The boys are back in town

First published in MUDL Magazine (September 2014 edition).

As it appeared.

As it appeared.

I find it difficult to believe, in moments when I reflect on it, that until this year we did not have access locally to one of the most prominent whiskey styles in the history of the drink. It was a sad reality – at the risk of being melodramatic – which we’ll hopefully never have to face again. It’s sadder still that there were many long bleak years during which its very existence hung in the balance. This dismal state of affairs is luckily now a thing of the past. Redbreast and Green Spot, previously just names wishfully, wistfully spoken by this country’s whiskey lovers, are now beautifully tangible, bottles of the stuff being firmly ensconced in our bars and liquor cabinets.

You’ll have realised by now that I’m referring to that most uniquely Irish of whiskeys known as the Single Pot Still, whiskey made in a pot-still (obviously) from a combination of malted and unmalted barley, a range of which was launched in South Africa by Pernod Ricard in January during a would-be-elegant (if not for certain of my table-mates) dinner hosted by their global whiskey ambassador – and epic Irish toast master – John Ryan. If ever there was a whisky moment worth celebrating this was it.

The last time that a Single Pot Still was brought to our shores by an official importer is lost to the record – but needless to say it was a long time ago, and a diminishing hiatus at that. In many ways the story of Irish whiskey reflects that of Ireland itself: tragic, principled, enduring, resurgent, and throughout it all, ebullient, lyrical and embracing. It is a bittersweet story, having travelled a course of buoyant victories and bitter setbacks. It led the charge of whisky in the nineteenth century, dominating the market with its rich, full-flavoured pot stills – it was during this time that their industry changed the spelling of their product from whisky to whiskey, to distinguish it from Scotch, which they perceived to be inferior – but then it passed on the trend to blend, much to its commercial detriment. Independence and secession from the Empire deprived it of vast markets. Scottish corporate interference later stunted the industry’s capacity to produce grain whiskey. One hindrance followed another. They shunned bootleggers and then were insufficiently prepared for the revocation of Prohibition, leading to severe reversals in one of their most successful markets. Post-war government policies further limited development, reducing the once flourishing industry to a ravaged state, limping along with, until recently, only two operational distilleries.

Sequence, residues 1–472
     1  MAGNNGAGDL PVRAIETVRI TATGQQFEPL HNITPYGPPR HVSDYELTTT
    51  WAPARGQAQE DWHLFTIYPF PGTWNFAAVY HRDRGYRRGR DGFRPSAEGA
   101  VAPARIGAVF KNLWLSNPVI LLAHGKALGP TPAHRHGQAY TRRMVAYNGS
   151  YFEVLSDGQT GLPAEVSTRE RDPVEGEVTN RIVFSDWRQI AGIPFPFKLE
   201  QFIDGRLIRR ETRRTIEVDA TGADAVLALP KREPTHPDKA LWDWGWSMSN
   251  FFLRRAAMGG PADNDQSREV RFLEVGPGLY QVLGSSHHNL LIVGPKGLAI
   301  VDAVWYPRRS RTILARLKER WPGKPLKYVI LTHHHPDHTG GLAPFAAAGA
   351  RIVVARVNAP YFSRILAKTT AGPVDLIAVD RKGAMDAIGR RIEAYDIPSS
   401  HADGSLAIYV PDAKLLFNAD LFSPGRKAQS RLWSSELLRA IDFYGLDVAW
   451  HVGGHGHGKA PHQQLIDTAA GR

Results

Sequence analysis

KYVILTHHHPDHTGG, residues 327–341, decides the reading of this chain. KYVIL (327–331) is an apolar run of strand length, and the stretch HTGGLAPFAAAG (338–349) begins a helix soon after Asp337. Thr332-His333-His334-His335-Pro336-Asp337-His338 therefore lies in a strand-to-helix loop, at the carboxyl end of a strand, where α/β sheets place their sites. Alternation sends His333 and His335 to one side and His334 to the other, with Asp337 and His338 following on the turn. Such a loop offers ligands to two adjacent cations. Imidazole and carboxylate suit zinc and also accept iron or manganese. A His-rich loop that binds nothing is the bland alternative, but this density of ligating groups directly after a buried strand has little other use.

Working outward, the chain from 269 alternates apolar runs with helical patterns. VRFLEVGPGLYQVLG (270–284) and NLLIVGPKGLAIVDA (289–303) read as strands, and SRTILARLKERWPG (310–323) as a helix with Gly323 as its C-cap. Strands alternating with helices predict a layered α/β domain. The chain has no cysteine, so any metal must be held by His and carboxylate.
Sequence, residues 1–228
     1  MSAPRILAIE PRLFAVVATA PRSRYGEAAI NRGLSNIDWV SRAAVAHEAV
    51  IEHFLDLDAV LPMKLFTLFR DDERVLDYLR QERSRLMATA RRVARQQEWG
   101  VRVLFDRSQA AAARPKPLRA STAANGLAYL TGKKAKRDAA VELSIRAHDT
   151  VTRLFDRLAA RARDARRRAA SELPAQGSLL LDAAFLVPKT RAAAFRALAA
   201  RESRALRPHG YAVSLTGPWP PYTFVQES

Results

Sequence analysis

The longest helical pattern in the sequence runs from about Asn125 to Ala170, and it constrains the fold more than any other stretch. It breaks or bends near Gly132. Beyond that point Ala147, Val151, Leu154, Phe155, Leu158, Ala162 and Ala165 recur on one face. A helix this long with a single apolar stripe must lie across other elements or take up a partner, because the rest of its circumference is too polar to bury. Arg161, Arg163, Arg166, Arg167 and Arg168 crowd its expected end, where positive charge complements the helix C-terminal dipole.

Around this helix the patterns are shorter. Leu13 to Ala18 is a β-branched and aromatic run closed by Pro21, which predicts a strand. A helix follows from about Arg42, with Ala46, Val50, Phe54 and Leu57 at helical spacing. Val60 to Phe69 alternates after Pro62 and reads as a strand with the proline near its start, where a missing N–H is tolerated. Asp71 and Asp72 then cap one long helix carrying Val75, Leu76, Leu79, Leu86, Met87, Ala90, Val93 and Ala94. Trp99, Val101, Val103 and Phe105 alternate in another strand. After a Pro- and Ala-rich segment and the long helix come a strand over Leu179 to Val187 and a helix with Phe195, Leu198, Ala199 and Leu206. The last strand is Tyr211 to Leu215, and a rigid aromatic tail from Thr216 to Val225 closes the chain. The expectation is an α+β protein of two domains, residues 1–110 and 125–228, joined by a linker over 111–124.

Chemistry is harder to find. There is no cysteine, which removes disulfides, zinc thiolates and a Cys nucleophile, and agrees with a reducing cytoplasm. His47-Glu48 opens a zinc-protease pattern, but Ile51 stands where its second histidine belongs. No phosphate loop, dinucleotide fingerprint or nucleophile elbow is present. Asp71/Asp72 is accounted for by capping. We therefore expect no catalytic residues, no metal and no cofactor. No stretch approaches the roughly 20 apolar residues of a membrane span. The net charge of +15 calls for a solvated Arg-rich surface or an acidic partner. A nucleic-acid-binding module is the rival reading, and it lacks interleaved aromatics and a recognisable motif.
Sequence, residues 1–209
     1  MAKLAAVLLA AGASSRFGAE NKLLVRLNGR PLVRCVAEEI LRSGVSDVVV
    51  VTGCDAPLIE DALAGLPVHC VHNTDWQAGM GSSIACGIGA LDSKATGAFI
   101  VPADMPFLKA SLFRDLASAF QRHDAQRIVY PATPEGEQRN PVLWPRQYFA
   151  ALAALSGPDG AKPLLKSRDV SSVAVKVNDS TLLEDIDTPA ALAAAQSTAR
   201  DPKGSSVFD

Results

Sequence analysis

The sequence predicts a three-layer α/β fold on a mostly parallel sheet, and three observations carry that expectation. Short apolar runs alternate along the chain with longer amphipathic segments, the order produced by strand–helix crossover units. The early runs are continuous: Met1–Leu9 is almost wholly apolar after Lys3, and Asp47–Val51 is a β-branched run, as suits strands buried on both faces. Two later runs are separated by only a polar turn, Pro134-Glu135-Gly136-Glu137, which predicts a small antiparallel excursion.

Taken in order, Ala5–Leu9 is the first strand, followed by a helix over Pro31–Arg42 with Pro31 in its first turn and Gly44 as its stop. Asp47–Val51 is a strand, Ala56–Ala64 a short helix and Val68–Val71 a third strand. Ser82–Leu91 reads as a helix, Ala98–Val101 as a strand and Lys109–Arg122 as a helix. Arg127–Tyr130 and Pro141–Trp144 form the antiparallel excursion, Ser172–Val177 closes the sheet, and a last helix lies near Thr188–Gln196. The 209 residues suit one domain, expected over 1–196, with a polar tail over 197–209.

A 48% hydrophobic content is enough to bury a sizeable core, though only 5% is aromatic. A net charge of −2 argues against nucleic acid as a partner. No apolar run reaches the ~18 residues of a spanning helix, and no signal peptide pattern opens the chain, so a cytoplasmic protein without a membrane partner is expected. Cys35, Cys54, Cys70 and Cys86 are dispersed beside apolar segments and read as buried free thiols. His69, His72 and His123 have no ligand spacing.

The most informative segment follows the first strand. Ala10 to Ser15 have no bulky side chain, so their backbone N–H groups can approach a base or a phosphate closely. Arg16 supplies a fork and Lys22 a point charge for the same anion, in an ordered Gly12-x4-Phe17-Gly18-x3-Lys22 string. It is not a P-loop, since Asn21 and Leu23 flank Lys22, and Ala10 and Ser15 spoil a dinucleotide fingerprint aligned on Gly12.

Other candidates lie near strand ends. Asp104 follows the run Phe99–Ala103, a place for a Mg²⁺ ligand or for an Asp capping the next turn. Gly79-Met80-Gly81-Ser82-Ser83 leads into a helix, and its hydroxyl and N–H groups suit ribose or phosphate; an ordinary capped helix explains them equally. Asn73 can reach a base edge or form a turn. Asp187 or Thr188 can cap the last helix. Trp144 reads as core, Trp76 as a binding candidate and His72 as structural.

The Irish though are survivors, and so is their single pot still whiskey. These boys hung about in blends, notably Jameson, for much of the dark times, but they’ve re-emerged to claim their rightful place in the whisky pantheon – which is important, not only because Ireland is the birthplace of whisky (or so the Irish claim) and because single pot stills are the truest of Irish, the very heart of its tradition, but more so because they offer us whisky lovers an astonishingly good, meaningfully distinct style of whiskey. There’s whiskey in the jar again people – may the dram be with you!

The single pot stills available to us here in SA are the following: Green Spot, Redbreast (12YO, 12YO Cask Strength, and 15YO), Midleton Barry Crockett, and Powers John Lane (my personal favourite).  Watch this space for a more detailed evaluation of these fine whiskeys.

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